MAbrash GDC2013 (13)

This slide illustrates the relative motion between an eye and the display. Here the eye counter-rotates to remain fixated on a tree in the real world, while the head, and consequently the head mounted display, rotates 20 degrees, something that can easily happen in a hundred milliseconds or less. The red dot shows the pixel on the display that maps to the tree’s perceived location in the real world, and thus the orientation of the eye, before and after rotation, with the original position shown with a faint red dot in the right-hand diagram. You can see that the red dot shifts a considerable distance during the rotation. While it’s true that the effect is exaggerated here because the tree is about six inches away, it’s also true that the eyes and the display can move a long way relative to one another in a short period of time.

This rapid relative motion makes it very challenging to keep virtual images in fixed positions relative to the real world, and matters are complicated by the fact that displays only update once a frame.

That results in a set of major issues for VR that don’t exist in the real world, and that are barely noticeable at worst on monitors, because there are no useful cases in which your eyes move very quickly relative to a monitor while still being able to see clearly.

Much of the rest of this talk will be dedicated to exploring some of the implications of the relationships between a head-mounted display, the eyes, and the real world.

MAbrash GDC2013 (14)

The first implication has to do with tracking.

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By tracking, I mean the determination of head position and orientation in the real world, known as pose.

Images have to be in exactly the right place relative to both the head and the real world every frame in order to seem real; otherwise the visual system will detect an anomaly, no matter how brief it is, and that will destroy the illusion of reality.

The human perceptual system has evolved to be very effective at detecting such anomalies, because anomalies might be thinking about eating you, or might be tasty.

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  • WormSlayer

    My brain hurts! Still I’m excited that guys like him are excited :D

  • Patrick Hogenboom

    Thanks a bundle for transcribing the whole thing :)

  • shole

    If you want to view the two videos in the presentation and don’t have ms powerpoint, you can rename the .pptx file to .zip and the files are in there as .wmv under \ppt\media\

    • Michael Abrash

      Shole,

      Thank you very much for posting this!

      –Michael

  • Andrés

    Thanks so much for transcribing this!

  • Andreas Aronsson

    I thought I would not get to read/hear the actual talk in some time :D Very interesting, somewhat alarming, but at the end uplifting and inspiring! Thanks for this! Also, you could if you wanted to rename the .pptx to .zip and extract the videos (media folder) and upload them unlisted to Youtube and embed them on this page :) Just a thought!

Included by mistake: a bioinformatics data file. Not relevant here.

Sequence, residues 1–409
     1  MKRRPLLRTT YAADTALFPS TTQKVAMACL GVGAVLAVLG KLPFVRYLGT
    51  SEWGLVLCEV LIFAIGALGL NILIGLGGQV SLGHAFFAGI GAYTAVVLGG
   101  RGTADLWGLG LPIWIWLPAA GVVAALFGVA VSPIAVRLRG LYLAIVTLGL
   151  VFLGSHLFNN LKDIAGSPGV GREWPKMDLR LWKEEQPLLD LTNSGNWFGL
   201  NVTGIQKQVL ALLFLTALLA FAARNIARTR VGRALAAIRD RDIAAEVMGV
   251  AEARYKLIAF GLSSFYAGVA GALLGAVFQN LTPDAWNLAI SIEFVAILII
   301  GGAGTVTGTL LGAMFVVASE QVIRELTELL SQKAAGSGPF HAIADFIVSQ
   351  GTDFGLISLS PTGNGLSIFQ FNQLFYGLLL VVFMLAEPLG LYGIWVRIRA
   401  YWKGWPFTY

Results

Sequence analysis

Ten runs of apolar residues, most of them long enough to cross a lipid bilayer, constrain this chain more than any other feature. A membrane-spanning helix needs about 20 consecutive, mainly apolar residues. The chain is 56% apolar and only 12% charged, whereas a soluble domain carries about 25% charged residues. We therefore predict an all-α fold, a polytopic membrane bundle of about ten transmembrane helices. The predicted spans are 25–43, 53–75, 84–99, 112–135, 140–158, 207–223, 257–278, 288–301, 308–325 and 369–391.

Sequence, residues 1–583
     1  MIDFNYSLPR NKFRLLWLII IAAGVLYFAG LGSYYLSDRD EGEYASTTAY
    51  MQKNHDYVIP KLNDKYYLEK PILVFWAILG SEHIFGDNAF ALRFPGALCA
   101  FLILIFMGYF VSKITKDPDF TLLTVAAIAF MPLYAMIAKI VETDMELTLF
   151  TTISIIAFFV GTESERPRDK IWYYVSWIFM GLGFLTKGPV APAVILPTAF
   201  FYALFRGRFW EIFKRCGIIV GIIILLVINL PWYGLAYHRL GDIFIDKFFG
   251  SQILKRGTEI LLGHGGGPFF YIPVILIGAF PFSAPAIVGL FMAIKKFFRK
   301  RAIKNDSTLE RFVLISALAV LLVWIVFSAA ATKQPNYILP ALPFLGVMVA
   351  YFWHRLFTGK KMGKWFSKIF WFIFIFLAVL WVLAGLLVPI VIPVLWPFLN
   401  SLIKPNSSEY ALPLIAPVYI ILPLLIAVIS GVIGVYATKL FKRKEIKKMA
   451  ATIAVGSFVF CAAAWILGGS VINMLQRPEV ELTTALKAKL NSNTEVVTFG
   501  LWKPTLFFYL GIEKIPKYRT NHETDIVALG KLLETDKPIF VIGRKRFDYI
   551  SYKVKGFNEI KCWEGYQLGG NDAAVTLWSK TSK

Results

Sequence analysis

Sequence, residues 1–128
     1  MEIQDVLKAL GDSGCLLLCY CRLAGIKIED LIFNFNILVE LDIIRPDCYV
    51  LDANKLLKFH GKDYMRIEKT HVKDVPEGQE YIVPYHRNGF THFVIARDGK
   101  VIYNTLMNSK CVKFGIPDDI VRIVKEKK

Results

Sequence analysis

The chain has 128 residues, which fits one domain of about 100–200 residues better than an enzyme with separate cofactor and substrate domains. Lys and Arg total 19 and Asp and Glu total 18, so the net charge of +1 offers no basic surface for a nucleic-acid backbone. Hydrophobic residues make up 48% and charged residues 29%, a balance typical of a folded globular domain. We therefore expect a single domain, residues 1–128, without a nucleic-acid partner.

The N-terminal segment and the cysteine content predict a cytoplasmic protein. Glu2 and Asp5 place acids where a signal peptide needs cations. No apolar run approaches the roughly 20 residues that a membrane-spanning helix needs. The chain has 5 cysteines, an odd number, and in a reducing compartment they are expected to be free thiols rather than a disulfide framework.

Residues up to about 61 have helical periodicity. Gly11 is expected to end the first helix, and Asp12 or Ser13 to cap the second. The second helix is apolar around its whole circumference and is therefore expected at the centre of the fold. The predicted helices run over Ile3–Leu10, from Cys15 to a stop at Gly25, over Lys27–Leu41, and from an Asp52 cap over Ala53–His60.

• Andreas Aronsson

    Ah, in the time it took me to read this (left the article half-read over night) shole already pointed this out :x oops.

  • Esse

    “That means that if you fixate on something while you turn your head, your eyes remain fixed with respect to the real world, but move very quickly relative to the display”

    Hum, no. If your eyes are fixed (in the head referential), they are fixed in the display referential. Because the display & the head are fixed one to the other.

    This is over complicating the subject. Only matters the head movement. Not the eyes movements.

    • Ben

      I think that, in this context, “fixate on something” means a visual fixation on an object in the external world rather than having the eyes be “fixed” relative to the head. If the head is turning while you fixate an external object, the eyes must counter-rotate in order to maintain a stable fixation (eg: via the VOR). Since the VR display is attached to your head frame, this means that your eyes are rotating relative to the display, and that’s the source of the large relative motion that causes issues.

      • Michael Abrash

        Ben,

        You’re correct – that’s what I meant. If you look at a key on the keyboard and keep doing that while you turn your head, you can easily get your eyes moving at several hundred degrees per second relative to the display.

        –Michael

  • Esse

    “The human perceptual system has evolved to be very effective at detecting such anomalies, because anomalies might be thinking about eating you, or might be tasty.”

    It is not some specific “anomalies detection system”, rather that the human brain has in-depth “routines” to analyse the space & movement, and when you broke the rules the routines fail.

    Like when you are sick in a car.

    So I guess the reaction will not be fear or drooling, more puking.

  • Ben Humberston

    Thanks for the transcript for those of us who couldn’t be there!

  • Mattso

    Yeah, just echoing the sentiments above that having it all transcribed meant I actually got to digest it really quickly. Many thanks!

    Very informative stuff – and here was me thinking it was gonna be easy. :)